About 12 percent of Wellesley College students are first-generation. In 2013, Donald Leach, Associate Director of Residential Life, Karen Shih, Assistant Director of Intercultural Education at Wellesley, and former Class Dean Joy Playter spearheaded efforts to launch the Wellesley College First Generation Network (FGN) to foster a strong first-generation community on campus and increase the awareness and quality of services for the first-generation student.
That same year, Class Action, a national nonprofit that works to address issues of class and classism, initiated their first annual first-generation summit. Wellesley students had such a positive experience attending the summits in 2013 and 2014 that they thought it would be a good idea to host. “We wanted more of our students to have such an experience, and we wanted to build connections with other colleges and universities,” explained Leach.
On March 7, Wellesley hosted Class Action's third annual First Generation College Student Summit. The 2015 gathering convened 175 attendees from 32 colleges and four organizations from throughout the Northeast, with the aim of providing a forum for first-generation college students to share experiences and discuss challenges facing their communities.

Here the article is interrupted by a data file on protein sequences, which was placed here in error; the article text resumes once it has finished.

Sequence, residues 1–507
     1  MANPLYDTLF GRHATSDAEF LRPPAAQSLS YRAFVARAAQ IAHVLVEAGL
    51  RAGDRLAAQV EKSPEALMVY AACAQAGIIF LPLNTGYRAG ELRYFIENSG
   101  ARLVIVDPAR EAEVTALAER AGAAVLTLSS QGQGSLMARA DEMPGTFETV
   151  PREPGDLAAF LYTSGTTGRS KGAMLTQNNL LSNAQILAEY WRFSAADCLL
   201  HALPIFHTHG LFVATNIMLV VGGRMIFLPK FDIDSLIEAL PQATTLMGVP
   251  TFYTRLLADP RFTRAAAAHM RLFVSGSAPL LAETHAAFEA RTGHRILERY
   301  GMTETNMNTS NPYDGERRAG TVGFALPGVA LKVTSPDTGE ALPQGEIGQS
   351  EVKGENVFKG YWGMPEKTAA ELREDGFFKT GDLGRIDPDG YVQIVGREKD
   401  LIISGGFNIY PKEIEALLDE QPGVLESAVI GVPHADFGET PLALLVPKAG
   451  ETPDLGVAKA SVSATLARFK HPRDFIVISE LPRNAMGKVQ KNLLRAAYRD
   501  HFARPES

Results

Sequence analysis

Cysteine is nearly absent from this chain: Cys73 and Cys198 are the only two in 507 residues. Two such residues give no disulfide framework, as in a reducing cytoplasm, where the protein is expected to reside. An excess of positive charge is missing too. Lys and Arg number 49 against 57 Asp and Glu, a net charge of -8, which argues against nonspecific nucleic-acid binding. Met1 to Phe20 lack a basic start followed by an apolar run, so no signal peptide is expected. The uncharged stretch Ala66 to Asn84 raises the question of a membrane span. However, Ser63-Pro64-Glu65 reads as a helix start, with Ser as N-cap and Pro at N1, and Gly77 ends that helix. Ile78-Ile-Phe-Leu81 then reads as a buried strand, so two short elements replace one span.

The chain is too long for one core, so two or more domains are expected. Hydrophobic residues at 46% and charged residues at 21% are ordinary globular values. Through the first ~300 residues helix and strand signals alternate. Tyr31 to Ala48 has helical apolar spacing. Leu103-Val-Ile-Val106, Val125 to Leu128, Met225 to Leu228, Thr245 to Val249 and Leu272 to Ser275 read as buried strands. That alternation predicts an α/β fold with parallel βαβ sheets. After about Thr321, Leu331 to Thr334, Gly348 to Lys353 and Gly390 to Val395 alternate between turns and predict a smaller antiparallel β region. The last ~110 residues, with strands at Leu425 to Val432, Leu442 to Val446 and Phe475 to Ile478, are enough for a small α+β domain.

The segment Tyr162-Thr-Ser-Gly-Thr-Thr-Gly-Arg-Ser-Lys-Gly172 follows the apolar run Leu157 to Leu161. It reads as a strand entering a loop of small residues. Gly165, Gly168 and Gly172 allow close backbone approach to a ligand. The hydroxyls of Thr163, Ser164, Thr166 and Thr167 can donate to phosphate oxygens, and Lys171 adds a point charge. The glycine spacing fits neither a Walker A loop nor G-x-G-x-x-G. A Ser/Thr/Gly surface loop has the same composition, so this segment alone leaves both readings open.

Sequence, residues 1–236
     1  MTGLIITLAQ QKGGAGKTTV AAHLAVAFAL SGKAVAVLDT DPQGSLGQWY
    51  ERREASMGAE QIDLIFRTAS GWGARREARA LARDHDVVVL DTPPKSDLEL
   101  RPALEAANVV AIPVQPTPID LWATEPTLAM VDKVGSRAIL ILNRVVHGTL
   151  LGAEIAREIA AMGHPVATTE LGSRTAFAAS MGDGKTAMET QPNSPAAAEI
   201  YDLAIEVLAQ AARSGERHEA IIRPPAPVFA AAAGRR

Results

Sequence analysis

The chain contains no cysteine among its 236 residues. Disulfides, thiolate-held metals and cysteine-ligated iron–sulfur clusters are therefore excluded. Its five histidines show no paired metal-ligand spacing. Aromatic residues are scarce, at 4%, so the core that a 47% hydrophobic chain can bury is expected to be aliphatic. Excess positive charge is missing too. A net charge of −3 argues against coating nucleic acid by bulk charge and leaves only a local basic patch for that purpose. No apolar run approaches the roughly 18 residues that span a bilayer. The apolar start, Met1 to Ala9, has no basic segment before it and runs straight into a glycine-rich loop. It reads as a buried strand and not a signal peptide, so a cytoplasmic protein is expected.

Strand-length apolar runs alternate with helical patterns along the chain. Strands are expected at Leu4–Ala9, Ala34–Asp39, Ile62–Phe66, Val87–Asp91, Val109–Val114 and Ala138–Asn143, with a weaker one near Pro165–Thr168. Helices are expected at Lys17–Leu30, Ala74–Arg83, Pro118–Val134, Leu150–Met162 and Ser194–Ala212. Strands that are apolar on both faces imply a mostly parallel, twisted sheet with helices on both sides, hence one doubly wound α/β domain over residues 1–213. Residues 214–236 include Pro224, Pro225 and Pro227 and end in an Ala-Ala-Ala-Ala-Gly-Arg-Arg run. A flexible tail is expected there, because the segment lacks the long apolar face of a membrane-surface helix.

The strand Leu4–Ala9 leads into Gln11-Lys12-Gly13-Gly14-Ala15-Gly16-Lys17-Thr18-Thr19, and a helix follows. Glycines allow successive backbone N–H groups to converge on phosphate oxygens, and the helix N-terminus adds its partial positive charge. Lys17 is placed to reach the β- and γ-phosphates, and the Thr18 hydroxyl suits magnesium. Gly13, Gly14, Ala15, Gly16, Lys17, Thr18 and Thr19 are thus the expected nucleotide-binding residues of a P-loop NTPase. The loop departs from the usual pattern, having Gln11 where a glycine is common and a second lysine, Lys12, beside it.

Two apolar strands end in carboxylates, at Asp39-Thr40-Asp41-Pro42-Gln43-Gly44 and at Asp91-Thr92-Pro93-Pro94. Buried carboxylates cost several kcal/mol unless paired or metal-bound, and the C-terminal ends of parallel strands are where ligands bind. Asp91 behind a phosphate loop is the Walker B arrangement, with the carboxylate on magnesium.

Senator Elizabeth Warren, who was herself a first generation college student, spoke to attendees in a videotaped address and said this about the summit, prior. “I was the first person in my family to graduate from college, and it opened a million doors for me. That’s why I think the First Gen College Student Summit is a great idea. It’s a chance for students from across Massachusetts and around the Northeast to come together, share their experiences, and help each another succeed.”
Wellesley students Elizabeth Cho ’16 and Isabel Staccuneddu ‘17 are the FGN student coordinators. After the summit, each reflected on her experience.
“It was empowering being surrounded by resilient, motivated first gen students,” Staccuneddu said. “As someone with reservations about higher education, especially small private colleges like Wellesley, this summit was validating in that it affirmed that first genners do belong at Wellesley. I learned a lot of things from other first gen programs during the breakout sessions that I hope to bring back to the Wellesley First Gen Network.”
Cho said, “Not only did we affirm each other's experiences and identities, but we were able to build grassroots solutions on how to improve support systems for first generation students. It was a remarkable event to be a part of, and a movement that I hope will only grow stronger.”
-Nicole Tai ‘15 contributed to this story.